With that Moses handed over the care of the people to Joshua, prayed and epic prayer for them and died.

Takeaway:  Moses never did make it to that land across the Jordan but you can bet your bottom dollar that Moses made it to that new and perfect eternal land which he could not see with his eyes but only by faith.  "All these people [Moses included] were still living by faith when they died.  They did not receive the things promised; they only saw them and welcomed them from a distance...they were longing for a better country - a heavenly one.  Therefore God is not ashamed to be called their God, for he has prepared a city for them." Hebrews 11:13-16

Thursday, 22 March 2018

Road to Revelation: Numbers


Numbers is the account of the people of Israel in the wilderness and starts like the name suggests; with a numbering of the tribes.  We see how big the family of Israel has become!

Chapters 2-4 detail the organizing of the Levites.  The Levites were the helper tribe for the priests.  They did all the work around the tabernacle and helped the priests fulfill their duties (ch 3: 5-10).

Chapters 5-6 are another grouping of miscellaneous laws.  Chapter 6 is the section which details the Nazerite vows.  It’s weird but will come up again in Judges with Samson (Judges 13).


Back to the Tabernacle and it’s time to dedicate it to the Lord.  Chapters 7-10 list the people involved and the ceremonies undertaken.  This was the second Passover (the first being at the escape from Egypt in Exodus).

The complaining of the people starts in chapter 11 and doesn’t end until... well... never really?? Lol!  Even though the people are ungrateful so and so’s God provides them with quail to go with their manna.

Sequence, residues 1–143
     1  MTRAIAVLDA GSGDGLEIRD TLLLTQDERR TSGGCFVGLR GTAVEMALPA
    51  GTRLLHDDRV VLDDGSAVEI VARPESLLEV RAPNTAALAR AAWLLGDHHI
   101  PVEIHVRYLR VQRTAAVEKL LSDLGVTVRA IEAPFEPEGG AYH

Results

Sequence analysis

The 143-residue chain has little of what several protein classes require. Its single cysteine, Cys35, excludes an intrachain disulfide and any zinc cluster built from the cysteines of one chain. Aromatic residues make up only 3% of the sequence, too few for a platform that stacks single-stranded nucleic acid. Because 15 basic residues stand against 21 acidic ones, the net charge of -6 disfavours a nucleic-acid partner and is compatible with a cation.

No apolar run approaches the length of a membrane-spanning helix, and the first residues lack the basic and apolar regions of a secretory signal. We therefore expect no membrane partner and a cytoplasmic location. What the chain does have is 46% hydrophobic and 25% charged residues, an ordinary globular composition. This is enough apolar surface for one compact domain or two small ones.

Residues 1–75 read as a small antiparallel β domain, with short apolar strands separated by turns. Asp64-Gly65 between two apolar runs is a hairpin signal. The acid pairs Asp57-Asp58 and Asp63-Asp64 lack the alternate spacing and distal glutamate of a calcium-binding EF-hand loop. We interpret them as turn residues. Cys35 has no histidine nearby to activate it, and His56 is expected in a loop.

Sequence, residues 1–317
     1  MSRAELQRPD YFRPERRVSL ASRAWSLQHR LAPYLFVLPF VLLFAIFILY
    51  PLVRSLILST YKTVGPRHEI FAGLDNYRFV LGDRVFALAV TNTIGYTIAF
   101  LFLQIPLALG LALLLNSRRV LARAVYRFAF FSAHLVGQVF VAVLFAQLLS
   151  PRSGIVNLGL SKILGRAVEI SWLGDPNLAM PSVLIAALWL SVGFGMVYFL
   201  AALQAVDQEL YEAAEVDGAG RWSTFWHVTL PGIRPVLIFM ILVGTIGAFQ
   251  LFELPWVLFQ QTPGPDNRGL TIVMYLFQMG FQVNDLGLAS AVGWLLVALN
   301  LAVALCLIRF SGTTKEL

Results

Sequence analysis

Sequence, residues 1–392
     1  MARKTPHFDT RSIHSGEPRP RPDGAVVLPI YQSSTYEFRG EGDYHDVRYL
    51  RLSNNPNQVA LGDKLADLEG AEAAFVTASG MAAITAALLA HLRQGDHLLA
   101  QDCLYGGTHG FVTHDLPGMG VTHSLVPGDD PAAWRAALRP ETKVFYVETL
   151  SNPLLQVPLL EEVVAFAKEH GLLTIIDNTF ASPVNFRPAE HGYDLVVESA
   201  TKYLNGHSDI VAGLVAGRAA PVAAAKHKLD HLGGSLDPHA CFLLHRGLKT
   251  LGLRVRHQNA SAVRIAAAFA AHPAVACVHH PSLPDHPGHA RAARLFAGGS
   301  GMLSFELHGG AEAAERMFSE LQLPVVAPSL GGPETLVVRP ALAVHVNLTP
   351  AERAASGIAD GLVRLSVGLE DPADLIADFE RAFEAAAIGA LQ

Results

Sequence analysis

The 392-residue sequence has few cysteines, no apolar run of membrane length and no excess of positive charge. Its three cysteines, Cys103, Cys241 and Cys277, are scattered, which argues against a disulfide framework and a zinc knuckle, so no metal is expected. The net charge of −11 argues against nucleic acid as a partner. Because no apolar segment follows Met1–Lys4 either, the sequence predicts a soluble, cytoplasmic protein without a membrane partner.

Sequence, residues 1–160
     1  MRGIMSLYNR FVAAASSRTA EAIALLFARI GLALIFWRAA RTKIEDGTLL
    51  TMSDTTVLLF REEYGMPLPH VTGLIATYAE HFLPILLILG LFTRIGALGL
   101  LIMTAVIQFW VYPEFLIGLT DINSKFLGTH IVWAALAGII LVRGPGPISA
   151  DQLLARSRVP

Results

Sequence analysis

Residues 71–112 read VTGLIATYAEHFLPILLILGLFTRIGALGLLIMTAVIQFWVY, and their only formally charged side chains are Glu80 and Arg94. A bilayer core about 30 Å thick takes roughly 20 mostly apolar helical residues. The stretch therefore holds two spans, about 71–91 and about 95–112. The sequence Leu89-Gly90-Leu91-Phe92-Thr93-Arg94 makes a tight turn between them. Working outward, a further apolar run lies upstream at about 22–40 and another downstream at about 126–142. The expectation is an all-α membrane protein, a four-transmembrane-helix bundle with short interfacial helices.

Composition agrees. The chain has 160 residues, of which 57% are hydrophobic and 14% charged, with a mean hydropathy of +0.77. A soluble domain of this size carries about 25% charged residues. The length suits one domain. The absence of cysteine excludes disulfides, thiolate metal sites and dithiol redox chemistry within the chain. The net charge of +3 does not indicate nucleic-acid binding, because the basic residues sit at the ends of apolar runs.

Then the people were close enough to the promised land to explore it and Moses sent the 12 spies into the land.  All the spies except Caleb come back with despair in their hearts.  The land was indeed good, but the people living in the land were powerful.  The people responded with complaining (again) and so only those with faith (Caleb and Joshua) were allowed to enter the land.  The rest of the people were cursed to wander in the wilderness for 40 years until that generation had died.  Key Verse Numbers 14:20-24

Following this account are more laws and attempted mutinies against Moses and the Lord.  Then in chapter 20 a very sad account of the people complaining (no surprises here), and this time Moses had had enough.  He was angry toward the people and his anger led him to sin against the Lord and as a consequence he was also forbidden from entering the promised land.  Noooooooooooo!

The account of Balaam and his donkey (which talked!)  (ch.22) proves to be an important, although strange account.  Balaam was ordered to curse the Israelites by the king of a nation close to the Israelites so that he could defeat them in battle.  However Balaam cannot curse the people and so devised a plan for the king to infiltrate the Israelites with beautiful women and weaken them that way.  Unfortunately Balaam's plan worked and the love Israelite men had for foreign women and their idols were a thorn in Israel’s side for generations, even after the Israelites were in the promised land.

In their wanderings the Israelites rebelled against the Lord again (bronze snake—ch 21), were attacked by other nations (ch 21-22), the people were counted again (ch 26), and Joshua was named as Moses successor (ch 27). 

Despite all the challenges the people of Israel encountered because of their own and others sin the book of Numbers ends on a hopeful note.  The last chapters detail the borders and divisions of the promised land.  God still intends to keep his promises to his people!  They will still make it!